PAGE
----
Just having a process defined is great but, your process is intended to produce a result too. Your shipping process is intended to distribute your products to your customers. Someone needs to monitor the process to make sure that your products are getting to your customers.
Usually this is the process owner or somebody in management. Process monitoring ensures the process produces outputs, but it may not ensure that the process produces good output or achieves the planned results. Process monitoring is part of the (D) Doing step in PDCA.
BPM is Workplace Process Measures
To achieve planned results you must measure the process and take actions to move wayward processes into producing good outputs. What does “producing good outputs” mean? It means you must measure the right stuff. Monitoring your processes is important but if you don’t measure the right things then you may not get the right results either. Measuring requires that you have a target or goal defined. Common goals include On Time Delivery, % order complete and accurate order fill rates. Measuring is all about comparing your collected data to the target. Process measures are part of the (C) Check step in PDCA.
BPM is Business Processes Control
Are your processes effective? Process control is all about taking action to ensure your process is effective and achieving planned results. This means you have to have a defined process in place that establishes that the process is monitored, your process is measured against a target, and you have the ability to take action to correct your process from producing bad results.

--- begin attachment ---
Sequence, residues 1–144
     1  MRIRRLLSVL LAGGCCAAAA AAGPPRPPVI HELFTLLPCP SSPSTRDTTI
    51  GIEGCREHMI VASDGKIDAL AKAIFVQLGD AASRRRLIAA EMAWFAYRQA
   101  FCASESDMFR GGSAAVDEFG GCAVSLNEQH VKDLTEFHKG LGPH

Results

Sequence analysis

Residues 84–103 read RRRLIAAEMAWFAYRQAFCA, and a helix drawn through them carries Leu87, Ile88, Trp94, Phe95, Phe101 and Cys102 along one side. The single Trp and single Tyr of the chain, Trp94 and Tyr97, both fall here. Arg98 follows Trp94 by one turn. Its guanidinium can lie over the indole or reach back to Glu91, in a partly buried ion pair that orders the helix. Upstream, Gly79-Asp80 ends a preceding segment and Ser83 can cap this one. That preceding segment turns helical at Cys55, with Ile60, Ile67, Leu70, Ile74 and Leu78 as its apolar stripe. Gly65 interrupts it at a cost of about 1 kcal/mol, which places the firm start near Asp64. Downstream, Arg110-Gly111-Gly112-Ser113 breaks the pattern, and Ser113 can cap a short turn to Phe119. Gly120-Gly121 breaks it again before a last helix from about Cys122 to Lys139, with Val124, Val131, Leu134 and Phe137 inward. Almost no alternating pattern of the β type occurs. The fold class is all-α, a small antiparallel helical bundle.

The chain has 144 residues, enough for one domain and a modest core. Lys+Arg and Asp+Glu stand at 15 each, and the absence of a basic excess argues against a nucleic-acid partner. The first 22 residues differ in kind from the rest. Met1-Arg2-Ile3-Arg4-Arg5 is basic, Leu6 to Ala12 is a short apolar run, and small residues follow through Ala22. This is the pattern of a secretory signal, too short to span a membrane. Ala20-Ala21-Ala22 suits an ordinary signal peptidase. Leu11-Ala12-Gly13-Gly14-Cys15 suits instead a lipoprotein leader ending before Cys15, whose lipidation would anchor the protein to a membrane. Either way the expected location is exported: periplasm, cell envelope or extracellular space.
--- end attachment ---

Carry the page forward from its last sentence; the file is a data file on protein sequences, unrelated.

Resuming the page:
Process control is the goal of any process measurement activity. The process approach to business process management is the focus of the ISO 9001:2015 quality standard. Process control is part of the (A) Act step in PDCA. If you are intent on real business process management, then business process control is what it is all about.
Processes are broken into descriptions of activities and tasks that define a business workflow under varying business conditions, such as the steps needed to execute your accounts payables operation. Documenting the workflow for a group of individuals is done using document maps or process maps. However, the IT department needs a lot more than a process map, they need to construct an information map or what some might call a Data Flow Diagram (DFD).